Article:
Or in my native city of Barcelona, the city council decided to commemorate the 60th anniversary of the creation of the State of Israel, by having a week of solidarity with the Palestinian people. Thus, they invited Leila Khaled, a noted terrorist from the 70's and current leader of the Popular Front for the Liberation of Palestine, a terrorist organization so described by the European Union, which promotes the use of bombs against Israel .

    This politically correct way of thinking has even polluted the speeches of president Zapatero. His foreign policy falls within the lunatic left, and on issues of the Middle East, he is unequivocally pro Arab. I can assure you that in private, Zapatero places on Israel the blame for the conflict in the Middle East, and the policies of foreign minister Moratinos reflect this. The fact that Zapatero chose to wear a kafiah in the midst of the Lebanon conflict is no coincidence; it's a symbol.

    Spain has suffered the worst terrorist attack in Europe and it is in the crosshairs of every Islamic terrorist organization. As I wrote before, they kill us with cell phones hooked to satellites connected to the Middle Ages. An yet the Spanish left is the most anti Israeli in the world.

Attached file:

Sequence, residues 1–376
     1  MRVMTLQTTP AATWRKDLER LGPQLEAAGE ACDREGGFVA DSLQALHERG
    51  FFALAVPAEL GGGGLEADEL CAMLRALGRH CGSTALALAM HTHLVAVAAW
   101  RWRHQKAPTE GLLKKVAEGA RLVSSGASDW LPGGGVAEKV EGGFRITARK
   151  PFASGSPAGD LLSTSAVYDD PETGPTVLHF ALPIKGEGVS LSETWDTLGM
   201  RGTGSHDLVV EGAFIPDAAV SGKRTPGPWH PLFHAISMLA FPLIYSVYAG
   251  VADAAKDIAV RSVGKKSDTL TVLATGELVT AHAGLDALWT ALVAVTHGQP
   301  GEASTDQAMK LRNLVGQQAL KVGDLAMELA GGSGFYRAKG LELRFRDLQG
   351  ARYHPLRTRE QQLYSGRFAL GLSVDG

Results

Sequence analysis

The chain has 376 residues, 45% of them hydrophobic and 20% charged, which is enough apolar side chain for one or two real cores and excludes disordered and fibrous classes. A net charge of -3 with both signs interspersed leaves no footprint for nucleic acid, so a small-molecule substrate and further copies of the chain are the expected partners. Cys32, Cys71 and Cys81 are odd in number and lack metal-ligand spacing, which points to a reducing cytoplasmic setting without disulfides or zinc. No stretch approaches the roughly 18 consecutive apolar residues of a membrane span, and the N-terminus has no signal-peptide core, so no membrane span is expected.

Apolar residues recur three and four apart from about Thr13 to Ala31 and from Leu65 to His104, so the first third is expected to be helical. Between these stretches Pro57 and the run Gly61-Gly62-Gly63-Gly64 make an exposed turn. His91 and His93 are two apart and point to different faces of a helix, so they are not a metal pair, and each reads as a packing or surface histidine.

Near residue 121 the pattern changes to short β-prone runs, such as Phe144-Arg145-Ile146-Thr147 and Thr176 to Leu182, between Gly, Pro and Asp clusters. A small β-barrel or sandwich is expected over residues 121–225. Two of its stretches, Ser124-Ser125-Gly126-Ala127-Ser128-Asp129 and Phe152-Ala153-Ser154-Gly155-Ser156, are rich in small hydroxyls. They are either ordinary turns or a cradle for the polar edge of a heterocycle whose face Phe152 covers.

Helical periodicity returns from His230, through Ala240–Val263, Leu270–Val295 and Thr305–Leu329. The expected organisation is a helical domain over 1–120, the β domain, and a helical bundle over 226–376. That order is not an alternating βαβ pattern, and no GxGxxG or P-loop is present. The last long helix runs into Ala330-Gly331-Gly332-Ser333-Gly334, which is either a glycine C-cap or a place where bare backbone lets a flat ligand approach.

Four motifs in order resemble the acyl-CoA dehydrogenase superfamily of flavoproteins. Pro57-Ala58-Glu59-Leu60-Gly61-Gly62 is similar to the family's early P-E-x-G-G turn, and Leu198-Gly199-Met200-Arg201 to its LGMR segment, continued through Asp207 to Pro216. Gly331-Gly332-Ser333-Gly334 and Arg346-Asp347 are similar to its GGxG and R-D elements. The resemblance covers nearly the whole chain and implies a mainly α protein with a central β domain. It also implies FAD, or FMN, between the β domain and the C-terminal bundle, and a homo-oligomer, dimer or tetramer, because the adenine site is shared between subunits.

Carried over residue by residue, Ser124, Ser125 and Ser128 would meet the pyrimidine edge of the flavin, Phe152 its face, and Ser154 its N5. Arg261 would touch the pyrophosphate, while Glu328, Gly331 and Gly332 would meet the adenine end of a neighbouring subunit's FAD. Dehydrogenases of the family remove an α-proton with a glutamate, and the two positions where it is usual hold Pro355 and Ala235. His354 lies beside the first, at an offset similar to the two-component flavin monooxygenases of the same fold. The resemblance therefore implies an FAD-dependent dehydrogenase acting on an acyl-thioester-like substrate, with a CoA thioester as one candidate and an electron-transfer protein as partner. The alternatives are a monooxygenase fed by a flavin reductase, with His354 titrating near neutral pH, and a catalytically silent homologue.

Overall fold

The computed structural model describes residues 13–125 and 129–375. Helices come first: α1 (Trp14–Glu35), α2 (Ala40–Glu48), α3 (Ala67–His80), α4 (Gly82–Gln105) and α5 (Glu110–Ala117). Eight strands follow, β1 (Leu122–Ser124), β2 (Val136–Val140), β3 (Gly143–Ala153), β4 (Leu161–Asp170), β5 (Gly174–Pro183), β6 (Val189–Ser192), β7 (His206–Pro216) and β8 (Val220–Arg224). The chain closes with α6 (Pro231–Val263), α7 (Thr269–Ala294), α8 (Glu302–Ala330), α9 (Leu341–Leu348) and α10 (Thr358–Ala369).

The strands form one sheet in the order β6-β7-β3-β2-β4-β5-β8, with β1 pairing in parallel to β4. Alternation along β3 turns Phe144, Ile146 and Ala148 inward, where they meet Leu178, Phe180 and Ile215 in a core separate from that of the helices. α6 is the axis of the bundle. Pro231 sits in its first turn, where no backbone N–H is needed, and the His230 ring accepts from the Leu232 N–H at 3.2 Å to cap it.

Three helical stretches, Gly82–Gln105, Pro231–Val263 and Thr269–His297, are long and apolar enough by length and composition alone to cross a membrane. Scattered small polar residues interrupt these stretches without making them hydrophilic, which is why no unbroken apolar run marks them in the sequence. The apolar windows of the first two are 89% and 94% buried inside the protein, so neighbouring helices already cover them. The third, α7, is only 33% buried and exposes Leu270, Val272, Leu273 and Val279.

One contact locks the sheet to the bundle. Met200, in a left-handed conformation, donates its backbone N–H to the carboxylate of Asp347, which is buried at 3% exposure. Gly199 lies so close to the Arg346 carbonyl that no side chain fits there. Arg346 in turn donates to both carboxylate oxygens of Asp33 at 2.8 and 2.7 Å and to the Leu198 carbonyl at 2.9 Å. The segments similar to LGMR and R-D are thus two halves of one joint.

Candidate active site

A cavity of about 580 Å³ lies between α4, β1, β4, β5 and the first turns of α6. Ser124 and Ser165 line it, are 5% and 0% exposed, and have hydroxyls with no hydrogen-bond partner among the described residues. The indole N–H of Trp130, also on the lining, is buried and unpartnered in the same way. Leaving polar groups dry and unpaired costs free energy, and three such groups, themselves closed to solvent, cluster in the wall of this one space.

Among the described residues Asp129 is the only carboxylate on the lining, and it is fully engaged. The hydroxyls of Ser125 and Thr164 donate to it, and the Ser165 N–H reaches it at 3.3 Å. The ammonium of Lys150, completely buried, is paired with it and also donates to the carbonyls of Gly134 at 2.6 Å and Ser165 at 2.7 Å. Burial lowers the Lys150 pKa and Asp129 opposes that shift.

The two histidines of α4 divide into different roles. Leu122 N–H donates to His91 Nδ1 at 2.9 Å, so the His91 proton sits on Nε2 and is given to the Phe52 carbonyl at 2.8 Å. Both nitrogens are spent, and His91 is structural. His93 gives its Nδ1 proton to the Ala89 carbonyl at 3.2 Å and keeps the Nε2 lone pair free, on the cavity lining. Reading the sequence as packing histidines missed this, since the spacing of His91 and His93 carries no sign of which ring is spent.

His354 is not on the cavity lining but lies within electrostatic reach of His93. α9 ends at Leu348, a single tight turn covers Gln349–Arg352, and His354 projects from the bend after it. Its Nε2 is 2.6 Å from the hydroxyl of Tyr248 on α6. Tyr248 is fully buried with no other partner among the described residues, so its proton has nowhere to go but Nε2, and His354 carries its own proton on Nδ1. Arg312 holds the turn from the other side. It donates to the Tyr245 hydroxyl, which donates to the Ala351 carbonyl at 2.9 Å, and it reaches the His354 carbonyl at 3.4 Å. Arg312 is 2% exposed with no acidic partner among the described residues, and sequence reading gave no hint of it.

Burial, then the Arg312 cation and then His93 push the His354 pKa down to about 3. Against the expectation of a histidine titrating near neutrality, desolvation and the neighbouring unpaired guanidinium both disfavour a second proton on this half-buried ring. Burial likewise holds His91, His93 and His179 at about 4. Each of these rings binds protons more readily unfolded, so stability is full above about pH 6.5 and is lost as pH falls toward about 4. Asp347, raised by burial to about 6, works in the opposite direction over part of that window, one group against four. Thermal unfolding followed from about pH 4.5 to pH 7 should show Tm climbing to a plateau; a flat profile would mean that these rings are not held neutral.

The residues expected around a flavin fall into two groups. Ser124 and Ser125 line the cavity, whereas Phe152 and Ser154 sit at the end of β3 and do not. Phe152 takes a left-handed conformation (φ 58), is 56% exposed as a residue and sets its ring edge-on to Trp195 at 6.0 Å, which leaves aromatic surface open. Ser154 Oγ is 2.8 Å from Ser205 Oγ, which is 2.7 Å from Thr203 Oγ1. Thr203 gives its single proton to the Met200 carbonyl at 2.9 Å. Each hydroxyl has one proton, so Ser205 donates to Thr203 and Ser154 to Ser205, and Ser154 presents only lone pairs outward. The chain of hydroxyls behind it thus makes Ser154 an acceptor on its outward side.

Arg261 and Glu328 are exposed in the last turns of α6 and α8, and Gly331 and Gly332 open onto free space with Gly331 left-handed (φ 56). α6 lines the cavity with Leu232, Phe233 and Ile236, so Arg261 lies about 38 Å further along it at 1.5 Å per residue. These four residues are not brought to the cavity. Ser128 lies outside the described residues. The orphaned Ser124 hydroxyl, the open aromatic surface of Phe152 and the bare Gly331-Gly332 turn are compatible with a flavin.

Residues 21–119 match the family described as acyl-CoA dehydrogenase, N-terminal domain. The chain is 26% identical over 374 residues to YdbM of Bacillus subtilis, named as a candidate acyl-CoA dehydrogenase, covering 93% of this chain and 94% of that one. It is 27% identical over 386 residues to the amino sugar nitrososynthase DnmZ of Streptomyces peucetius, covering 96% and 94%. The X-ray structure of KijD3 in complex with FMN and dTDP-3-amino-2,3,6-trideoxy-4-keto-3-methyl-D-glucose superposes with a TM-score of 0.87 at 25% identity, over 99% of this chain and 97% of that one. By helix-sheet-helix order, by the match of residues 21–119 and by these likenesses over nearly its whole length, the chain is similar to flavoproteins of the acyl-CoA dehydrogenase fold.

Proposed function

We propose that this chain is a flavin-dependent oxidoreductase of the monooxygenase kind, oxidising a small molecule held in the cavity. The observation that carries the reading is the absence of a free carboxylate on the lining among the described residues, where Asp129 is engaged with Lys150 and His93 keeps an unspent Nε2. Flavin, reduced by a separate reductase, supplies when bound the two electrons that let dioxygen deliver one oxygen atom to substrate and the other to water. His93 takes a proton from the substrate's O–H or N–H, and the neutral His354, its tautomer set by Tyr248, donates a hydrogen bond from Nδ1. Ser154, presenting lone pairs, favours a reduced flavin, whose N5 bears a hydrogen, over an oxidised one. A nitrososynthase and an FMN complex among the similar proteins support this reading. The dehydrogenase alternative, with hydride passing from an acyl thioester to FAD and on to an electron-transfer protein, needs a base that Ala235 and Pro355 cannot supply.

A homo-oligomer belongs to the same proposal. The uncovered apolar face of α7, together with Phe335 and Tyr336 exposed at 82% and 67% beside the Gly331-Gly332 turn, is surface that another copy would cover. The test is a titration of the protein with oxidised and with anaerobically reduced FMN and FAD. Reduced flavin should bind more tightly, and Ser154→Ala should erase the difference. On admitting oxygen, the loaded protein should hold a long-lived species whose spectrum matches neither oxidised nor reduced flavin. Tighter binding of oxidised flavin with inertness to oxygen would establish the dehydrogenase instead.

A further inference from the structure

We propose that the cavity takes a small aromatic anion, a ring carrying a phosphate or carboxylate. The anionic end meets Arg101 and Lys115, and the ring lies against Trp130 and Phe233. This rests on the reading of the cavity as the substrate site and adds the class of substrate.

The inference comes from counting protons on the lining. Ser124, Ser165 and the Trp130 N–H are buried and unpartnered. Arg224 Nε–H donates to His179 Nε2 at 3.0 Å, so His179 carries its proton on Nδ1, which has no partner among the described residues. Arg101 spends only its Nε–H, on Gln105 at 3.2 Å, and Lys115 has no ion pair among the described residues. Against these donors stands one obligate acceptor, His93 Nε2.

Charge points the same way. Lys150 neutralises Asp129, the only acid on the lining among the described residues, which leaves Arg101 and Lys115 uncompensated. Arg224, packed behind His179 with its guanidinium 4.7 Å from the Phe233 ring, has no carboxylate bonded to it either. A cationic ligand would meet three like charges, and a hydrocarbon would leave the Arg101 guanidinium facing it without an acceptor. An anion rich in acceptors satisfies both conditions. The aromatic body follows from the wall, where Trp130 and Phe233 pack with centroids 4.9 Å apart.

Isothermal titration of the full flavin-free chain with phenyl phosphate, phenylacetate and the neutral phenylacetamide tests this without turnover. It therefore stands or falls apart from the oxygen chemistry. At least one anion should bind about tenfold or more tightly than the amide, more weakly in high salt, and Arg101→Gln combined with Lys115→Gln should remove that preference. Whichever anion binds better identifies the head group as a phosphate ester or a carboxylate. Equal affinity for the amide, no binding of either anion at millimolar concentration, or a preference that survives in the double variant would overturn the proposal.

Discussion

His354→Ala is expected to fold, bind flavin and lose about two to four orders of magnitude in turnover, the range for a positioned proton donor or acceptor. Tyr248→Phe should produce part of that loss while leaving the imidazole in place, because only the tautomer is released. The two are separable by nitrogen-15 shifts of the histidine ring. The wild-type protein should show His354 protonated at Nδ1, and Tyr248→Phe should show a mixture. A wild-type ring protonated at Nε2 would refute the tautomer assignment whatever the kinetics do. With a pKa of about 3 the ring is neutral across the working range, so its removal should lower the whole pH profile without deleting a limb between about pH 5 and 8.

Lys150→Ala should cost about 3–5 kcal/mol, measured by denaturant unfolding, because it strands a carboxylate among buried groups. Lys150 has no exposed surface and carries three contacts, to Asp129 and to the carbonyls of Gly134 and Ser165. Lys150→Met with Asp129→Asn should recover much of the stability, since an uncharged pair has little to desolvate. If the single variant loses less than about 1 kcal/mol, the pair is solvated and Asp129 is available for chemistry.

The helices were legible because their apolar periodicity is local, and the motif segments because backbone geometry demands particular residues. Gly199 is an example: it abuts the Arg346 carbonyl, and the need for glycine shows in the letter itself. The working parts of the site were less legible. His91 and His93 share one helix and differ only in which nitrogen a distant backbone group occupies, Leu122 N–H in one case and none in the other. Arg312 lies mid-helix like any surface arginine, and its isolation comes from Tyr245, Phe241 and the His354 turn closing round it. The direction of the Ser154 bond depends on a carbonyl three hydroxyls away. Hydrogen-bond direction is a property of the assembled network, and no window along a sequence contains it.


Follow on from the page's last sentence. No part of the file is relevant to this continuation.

And then it says it is anti Israeli because of solidarity. This is the madness I want to denounce in this conference.


    I am not Jewish. Ideologically I am left and by profession a journalist. Why am I not anti Israeli like my colleagues? Because as a non-Jew I have the historical responsibility to fight against Jewish hatred and currently against the hatred for their historic homeland, Israel. To fight against anti-Semitism is not the duty of the Jews, it is the duty of the non-Jews.

    As a journalist it is my duty to search for the truth beyond prejudice, lies and manipulations. The truth about Israel is not told. As a person from the left who loves progress, I am obligated to defend liberty, culture, civic education for children, coexistence and the laws that the Tablets of the Covenant made into universal principles.